inSide Books: Ready Player One by Ernest Cline
Last year in Wired Magazine, Patton Oswalt warned of The Geek Apocalypse. A singularity he termed The Etewaf (Everything That Ever Was Available Forever), in which nerd culture would rise up and subsume regular culture before destroying itself in a self-cannibalizing blaze. His words take on the eerie ring of prophecy in Ready Player One.
It is impossible to know whether author Ernest Cline was thinking of Oswalt’s essay when he wrote Ready Player One. But he certainly came to similar conclusions, and in the meantime, crafted what is one of the most compulsively readable books I’ve encountered this year. Think a combination of William Gibson and Terry Pratchett.
In the near future, a wildly popular MMORPG called OASIS has subsumed the internet. Billions of people around the world shop, go to school, and spend as much of their time as humanly possible in OASIS, which thanks to high tech immersion gear becomes more of an alternate reality. OASIS isn’t so much a game as it is all games. It contains worlds based on Lord of the Rings, Star Wars, Firefly, basically anything that pop culture has produced that anyone has ever loved, or even slightly liked (Ladyhawke is featured prominently). You name it, it’s here. Inside OASIS is a candy-colored never-ending Pop Culture extravaganza. Outside of OASIS, the rest of world has gone to crap, thanks to various energy crises and wars. It’s a grim Gilliamesque duct-covered world of extreme poverty and starvation that our hero is born into. It can’t even be called a proper dystopia as it’s more the result of entropy and neglect than actual malevolence. Did I mention this book is also really really funny?
In a twist, Holliday, the eccentric genius who created OASIS, encoded into it, a game within a game—a giant “Easter egg” hunt that is activated upon his death. Somewhere in the infinite digital space three challenges are hidden. The key to finding and beating them being knowledge of Holliday’s beloved 80s pop culture. The winner inherits Holliday’s personal fortune and shares in the company and basically takes control of the largest economy on Earth. Competition in the “game” is, as you might guess, beyond fierce, as corporations are more than willing to commit murder to gain control of OASIS. But over a decade has passed since the start of the contest and nobody has found even the first of the eggs. Until our protagonist, Wade Watts a high schooler too poor to even participate in most of the game, does and sets off a global frenzy.
The idea of an all encompassing digital reality and the consequences there of, has been done before, notably in the recent film Summer Wars—the Wackowski Brother’s elephant in the room—and Neil Stephenson’s landmark Snow Crash (to which for all its ingenuity, Ready Player One still owes an awful lot to). What Cline brings to the table is a sense of playful anarchy, documenting the headlong rush of The Etewaf—a world where you can become a purple unicorn, buy a flying Delorean, use it to go to the planet in Final Fantasy VII and fight an X-Wing which is piloted by Jason Voorhes, before the both of you are destroyed by a Gundam. Yet his humor showcases a real wit to it, never devolving into Seth MacFarlane school of nudging your ribs while going “Hey, hey, do you remember that thing?” Has anyone a heart so cold that he cannot love a book where the fate of the world rests on the lead’s ability to recite Monty Python And The Holy Grail?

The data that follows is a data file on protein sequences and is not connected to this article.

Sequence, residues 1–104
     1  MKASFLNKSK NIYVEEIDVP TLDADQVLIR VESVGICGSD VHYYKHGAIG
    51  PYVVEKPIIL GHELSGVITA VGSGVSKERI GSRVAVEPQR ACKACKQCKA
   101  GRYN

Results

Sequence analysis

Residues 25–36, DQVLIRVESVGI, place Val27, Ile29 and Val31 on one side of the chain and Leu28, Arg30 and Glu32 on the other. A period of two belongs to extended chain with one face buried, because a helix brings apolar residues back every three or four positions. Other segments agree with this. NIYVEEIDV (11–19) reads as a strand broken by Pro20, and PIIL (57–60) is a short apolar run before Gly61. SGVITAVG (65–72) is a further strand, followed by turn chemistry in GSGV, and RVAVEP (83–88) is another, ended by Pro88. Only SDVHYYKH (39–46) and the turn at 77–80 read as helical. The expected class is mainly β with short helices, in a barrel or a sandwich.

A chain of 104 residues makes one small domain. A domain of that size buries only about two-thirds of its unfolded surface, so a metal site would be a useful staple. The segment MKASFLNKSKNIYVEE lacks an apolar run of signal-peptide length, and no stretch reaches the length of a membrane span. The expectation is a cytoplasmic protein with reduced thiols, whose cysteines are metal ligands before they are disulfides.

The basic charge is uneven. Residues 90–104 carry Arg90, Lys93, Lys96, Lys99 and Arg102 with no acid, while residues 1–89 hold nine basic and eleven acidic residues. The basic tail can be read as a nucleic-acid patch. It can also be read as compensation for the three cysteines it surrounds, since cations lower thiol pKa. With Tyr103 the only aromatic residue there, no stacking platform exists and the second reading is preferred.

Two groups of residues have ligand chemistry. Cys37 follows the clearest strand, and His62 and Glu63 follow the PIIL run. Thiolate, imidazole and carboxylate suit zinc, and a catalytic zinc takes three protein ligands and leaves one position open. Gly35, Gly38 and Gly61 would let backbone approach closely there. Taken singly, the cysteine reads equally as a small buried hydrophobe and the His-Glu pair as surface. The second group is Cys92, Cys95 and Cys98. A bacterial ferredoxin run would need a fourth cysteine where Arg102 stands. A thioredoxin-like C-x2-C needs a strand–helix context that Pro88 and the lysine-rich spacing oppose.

Cline’s other masterstroke is spending as much attention to the world outside OASIS, as the world within it. He builds a threatening, believable antagonist in the form of IOI, a malevolent corporate entity who is trying to use the contest as a way to gain backdoor control of OASIS. IOI’s ruthless machinations in the real and virtual worlds bring a level of tension that is frankly improbable to what is basically a book about a video game competition.
Cline does a fairly good job of tying the reality of OASIS into a current reflection of web-based culture. The pun-based, meme-spawning, pop culture obsessed web culture is a believable permutation of our own. It’s in the subtle details, like the IOI requiring all their mercenaries to use the same generic avatar amid a world of such intense personalization, that give the universe weight. It’s both an ominous detail, and a believable outgrowth of current corporate web think.
A likable cast, a fast paced narrative, a believable, troubling world, and a keen sense of humor, Ready Player One is everything you could ask for in a work of speculative fiction.
A book that simultaneously exists as a paean to the pleasures of nostalgia, and a warning of its dangers.
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Elsewhere on inReads: Fantasy heroes we’ve loved and lost too soon.